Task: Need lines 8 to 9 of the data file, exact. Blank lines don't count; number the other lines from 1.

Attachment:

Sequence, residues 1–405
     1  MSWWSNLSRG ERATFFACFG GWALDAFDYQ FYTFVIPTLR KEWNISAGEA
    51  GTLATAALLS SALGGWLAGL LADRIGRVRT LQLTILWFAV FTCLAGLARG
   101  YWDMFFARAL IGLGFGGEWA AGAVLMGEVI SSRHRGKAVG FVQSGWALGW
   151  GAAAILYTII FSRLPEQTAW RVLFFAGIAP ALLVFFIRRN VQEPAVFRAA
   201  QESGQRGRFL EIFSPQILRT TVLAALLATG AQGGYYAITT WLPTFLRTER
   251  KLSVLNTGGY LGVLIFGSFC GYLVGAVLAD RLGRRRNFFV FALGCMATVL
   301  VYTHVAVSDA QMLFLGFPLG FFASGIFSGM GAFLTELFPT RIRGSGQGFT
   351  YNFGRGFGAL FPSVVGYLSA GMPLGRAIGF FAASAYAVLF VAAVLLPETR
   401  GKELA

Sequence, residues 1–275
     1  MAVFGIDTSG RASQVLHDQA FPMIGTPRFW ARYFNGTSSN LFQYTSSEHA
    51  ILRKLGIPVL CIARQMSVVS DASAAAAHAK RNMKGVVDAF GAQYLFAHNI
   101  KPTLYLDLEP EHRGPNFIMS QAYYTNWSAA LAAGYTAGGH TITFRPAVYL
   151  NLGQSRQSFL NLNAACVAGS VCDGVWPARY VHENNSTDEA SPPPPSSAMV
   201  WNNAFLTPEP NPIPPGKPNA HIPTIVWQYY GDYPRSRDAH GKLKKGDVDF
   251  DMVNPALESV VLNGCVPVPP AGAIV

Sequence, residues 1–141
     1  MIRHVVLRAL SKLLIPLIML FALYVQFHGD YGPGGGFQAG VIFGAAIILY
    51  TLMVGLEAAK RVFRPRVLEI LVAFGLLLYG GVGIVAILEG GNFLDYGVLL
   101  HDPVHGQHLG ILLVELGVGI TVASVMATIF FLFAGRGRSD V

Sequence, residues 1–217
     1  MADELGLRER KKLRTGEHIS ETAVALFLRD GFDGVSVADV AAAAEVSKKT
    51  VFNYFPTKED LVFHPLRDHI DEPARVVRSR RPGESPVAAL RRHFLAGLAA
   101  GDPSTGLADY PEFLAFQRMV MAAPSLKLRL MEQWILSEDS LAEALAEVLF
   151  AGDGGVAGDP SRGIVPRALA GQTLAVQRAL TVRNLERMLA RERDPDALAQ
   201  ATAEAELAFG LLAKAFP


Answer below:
   301  VYTHVAVSDA QMLFLGFPLG FFASGIFSGM GAFLTELFPT RIRGSGQGFT
   351  YNFGRGFGAL FPSVVGYLSA GMPLGRAIGF FAASAYAVLF VAAVLLPETR